There are two main statuses held by lawful residents of the United States: Permanent Resident and U.S. Citizen. While both of these statuses grant certain rights to the individuals who hold them, there are some fundamental distinctions that are important to understand if you or someone you know is seeking one of these two statuses.
Lawful Permanent Residence
Once an individual has obtained a United States Permanent Resident Card (also known as a green card), they are considered to be a permanent resident of the United States. This status allows the individual to live and work within the United States on a permanent basis and, with some exceptions discussed below, travel outside the U.S. Additionally, this individual can petition for certain family members (e.g. spouse, unmarried children) to join them in the U.S. as permanent residents.
There are, however, some limitations of rights associated with this status that differentiate it from citizenship. Because permanent residents are considered aliens or citizens of another country, they are not permitted to vote in U.S. elections and are barred from seeking some government jobs. When they travel, they are required to carry both the passport of their native country and their U.S. Permanent Resident Card to be allowed reentry back into the United States. If they plan to travel outside the U.S. for a period exceeding 12 months, they should first contact the United States Citizenship and Immigration Services (USCIS) for a reentry permit.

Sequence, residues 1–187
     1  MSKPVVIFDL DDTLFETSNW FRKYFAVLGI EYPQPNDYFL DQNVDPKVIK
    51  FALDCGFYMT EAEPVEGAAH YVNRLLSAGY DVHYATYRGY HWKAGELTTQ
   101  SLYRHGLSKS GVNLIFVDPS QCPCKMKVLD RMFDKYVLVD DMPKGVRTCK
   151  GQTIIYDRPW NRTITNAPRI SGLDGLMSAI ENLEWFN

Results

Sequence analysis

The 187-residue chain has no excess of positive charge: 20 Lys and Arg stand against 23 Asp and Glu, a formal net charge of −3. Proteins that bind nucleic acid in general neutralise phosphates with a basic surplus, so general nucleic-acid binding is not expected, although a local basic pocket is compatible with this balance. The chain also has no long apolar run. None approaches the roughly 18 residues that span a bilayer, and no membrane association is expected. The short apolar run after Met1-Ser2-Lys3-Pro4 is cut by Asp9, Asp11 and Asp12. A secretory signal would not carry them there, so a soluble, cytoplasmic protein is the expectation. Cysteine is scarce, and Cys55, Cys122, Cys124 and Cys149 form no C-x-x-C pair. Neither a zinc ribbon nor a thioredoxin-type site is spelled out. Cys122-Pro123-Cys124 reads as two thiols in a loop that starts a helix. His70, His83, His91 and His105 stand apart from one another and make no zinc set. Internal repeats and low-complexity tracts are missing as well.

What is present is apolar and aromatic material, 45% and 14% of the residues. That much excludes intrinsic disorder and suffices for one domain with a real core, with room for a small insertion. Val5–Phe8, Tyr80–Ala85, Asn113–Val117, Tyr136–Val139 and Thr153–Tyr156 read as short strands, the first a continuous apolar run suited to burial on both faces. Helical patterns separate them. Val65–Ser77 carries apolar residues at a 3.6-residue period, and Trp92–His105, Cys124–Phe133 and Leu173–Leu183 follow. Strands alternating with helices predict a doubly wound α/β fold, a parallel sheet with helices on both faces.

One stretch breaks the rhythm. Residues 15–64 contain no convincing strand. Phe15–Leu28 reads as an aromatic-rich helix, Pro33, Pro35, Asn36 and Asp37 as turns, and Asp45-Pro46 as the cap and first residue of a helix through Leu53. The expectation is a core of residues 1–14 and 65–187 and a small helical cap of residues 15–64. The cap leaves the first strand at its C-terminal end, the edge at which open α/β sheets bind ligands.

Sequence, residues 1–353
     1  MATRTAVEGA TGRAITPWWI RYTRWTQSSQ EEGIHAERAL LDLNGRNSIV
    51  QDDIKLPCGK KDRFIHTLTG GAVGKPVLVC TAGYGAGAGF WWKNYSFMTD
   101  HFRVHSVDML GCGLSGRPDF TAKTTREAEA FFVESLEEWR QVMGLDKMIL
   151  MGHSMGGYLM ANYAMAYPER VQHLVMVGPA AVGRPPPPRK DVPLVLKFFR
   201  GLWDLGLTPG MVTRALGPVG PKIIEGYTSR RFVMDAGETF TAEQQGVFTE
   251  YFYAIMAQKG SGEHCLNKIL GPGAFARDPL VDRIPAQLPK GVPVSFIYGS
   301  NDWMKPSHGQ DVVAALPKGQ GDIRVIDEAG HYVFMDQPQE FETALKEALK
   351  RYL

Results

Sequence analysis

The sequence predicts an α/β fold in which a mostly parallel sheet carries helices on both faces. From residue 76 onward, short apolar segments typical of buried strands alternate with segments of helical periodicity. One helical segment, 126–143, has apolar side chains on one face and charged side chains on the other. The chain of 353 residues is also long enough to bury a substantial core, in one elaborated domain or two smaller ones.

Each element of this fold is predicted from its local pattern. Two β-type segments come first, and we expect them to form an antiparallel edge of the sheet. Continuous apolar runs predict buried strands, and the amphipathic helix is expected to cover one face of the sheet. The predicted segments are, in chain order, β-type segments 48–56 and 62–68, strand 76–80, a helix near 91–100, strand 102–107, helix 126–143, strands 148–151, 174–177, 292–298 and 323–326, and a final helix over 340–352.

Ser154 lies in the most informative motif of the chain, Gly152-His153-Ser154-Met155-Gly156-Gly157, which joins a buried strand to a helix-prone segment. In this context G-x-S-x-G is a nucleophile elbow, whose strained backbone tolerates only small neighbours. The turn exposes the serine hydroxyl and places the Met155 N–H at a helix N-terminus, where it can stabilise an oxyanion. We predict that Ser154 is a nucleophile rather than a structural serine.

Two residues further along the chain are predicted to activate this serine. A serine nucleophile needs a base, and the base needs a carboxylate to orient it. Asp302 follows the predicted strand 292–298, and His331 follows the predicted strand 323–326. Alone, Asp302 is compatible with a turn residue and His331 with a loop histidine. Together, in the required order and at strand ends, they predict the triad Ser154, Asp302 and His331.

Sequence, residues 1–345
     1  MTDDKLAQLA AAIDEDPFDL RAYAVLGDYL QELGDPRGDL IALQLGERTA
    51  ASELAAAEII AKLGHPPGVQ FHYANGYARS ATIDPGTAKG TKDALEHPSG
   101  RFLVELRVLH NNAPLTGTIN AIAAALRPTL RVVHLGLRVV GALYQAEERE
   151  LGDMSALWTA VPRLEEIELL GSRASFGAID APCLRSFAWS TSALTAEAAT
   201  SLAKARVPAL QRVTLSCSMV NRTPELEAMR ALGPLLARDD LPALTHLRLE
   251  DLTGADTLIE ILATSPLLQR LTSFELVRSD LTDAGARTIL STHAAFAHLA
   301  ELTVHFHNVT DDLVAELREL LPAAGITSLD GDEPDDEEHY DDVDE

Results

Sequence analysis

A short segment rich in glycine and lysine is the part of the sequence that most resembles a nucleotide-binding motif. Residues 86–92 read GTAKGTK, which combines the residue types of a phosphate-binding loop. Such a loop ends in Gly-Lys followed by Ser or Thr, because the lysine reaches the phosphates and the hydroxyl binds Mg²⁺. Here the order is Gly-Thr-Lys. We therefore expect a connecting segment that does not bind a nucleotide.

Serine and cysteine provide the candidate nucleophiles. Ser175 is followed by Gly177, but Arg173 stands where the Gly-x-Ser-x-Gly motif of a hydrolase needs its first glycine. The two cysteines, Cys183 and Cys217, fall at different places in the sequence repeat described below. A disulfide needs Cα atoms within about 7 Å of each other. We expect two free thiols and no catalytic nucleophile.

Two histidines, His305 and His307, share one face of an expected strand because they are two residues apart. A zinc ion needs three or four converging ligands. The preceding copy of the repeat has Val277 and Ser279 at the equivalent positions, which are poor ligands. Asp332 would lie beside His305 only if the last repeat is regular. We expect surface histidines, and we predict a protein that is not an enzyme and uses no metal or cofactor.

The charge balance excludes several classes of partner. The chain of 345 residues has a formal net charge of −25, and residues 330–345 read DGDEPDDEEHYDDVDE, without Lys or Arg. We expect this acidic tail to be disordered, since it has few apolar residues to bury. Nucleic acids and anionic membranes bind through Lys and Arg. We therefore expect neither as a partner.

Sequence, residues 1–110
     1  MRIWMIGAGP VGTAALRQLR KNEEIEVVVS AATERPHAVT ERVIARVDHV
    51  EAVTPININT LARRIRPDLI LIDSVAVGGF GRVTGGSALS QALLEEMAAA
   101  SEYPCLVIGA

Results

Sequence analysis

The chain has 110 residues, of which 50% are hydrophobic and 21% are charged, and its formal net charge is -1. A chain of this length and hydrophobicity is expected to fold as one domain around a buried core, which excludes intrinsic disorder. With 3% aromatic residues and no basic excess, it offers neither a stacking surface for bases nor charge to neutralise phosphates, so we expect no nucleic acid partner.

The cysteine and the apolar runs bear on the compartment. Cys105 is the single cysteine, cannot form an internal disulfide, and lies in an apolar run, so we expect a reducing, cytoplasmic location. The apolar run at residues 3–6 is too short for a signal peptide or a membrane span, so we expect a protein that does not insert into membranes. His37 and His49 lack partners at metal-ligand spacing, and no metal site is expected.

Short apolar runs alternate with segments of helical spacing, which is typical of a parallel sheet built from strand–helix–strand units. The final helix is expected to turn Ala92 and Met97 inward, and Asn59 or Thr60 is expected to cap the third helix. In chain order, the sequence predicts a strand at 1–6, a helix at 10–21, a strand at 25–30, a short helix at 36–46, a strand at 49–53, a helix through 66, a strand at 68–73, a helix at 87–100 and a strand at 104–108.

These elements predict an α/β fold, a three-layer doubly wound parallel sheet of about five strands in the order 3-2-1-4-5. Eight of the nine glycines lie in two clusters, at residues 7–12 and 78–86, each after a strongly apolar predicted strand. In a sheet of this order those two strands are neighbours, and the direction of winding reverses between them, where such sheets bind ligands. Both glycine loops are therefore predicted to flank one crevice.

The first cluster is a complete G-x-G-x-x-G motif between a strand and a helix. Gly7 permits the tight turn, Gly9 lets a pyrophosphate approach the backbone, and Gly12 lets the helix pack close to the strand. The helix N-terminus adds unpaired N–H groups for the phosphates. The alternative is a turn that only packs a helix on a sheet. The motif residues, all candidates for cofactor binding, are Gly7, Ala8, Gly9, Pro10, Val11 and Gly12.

U.S. permanent residents can lose their status under certain circumstances. If a permanent resident leaves the U.S. to pursue residency in another country, or if they spend 12 months living outside the U.S. without requesting a reentry first, they are considered to have abandoned their residence in the U.S. This will subject them to inadmissibility if they attempt to reenter the United States. Permanent residents are also subject to deportation to their native country if they commit certain offenses or fail to comply with USCIS requirements.
If you were born in the U.S. or born to U.S. citizen parents living abroad, you are automatically a U.S. citizen. A U.S. citizen cannot be deported, they are not subject to restrictions on travel, and they have the right to live outside the U.S. indefinitely. U.S. citizens have the right to vote in federal, state, and local elections, to hold certain government jobs and offices, and to seek certain benefits and scholarships reserved for citizens only. When a U.S. citizen petitions for others to receive permanent residence, they can do so for a longer a list of family members (including parents and siblings) and, depending on whom they petition, in a more expedited manner.
Acquiring U.S. Citizenship
In an overwhelming majority of cases, the first step to acquiring U.S. citizenship is to become a U.S. Permanent Resident. Permanent residents can apply for U.S. citizenship after a minimum required waiting period and become citizens through naturalization. The application process can account for many factors including age, behavior whilst a permanent resident, continuity of physical presence in the U.S., and an ability to read, write and speak English. If you have questions regarding your eligibility or the general process of naturalization, you should seek assistance from an experienced U.S. immigration attorney.